Religious freedom rolled back in Sudan
The prosecution of 4 Christian converts from Islam under an apostasy law abolished 2 years ago confirms concerns about the Sudanese government returning to Islamism.
The 4 young men now face the death penalty in line with Islamic law. The apostasy law was abolished in 2020 by the reforming government of Prime Minister Abdalla Hamdok.
Sudan gained independence from joint British and Egyptian rule in 1956. In 1983, Colonel Jaafar Nimeiri, imposed full sharia law, declaring Sudan to be an Islamic state.
Under Omar al-Bashir (1989 – 2019) sharia was enforced, and the Christian minority suffered fierce persecution. Conversion from Islam to another religion was made officially punishable by death.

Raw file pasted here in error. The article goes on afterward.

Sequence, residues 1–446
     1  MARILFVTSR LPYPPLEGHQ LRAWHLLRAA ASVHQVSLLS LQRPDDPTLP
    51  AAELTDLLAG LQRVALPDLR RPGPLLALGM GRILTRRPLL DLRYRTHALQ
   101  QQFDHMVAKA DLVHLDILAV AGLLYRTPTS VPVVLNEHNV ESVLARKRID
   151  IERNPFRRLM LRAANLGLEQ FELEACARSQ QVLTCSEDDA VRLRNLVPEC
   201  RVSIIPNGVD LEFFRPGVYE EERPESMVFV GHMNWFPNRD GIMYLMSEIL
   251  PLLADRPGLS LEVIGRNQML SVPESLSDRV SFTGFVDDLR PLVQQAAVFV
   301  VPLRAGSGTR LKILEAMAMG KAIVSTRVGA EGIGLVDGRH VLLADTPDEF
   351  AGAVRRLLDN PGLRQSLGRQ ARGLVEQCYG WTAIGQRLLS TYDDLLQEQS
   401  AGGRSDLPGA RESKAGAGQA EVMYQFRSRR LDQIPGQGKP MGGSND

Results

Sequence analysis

Sudan is one of the few countries where the death penalty for apostasy is carried out. In 1985 an Islamic theologian, convicted of apostasy after a 2-hour trial for urging a more liberal interpretation of sharia, was hanged 10 days later. In 1994, two tribal Christian converts from Islam were crucified.
Reforms by the transitional government in April 2019 raised hopes that Sudan was moving towards a “new era”.
After calls by Islamist groups, however, the new government was removed in a fresh coup in October 2021.
Now it seems that the reforms that had improved the lives of Muslim-background believers are being rolled back.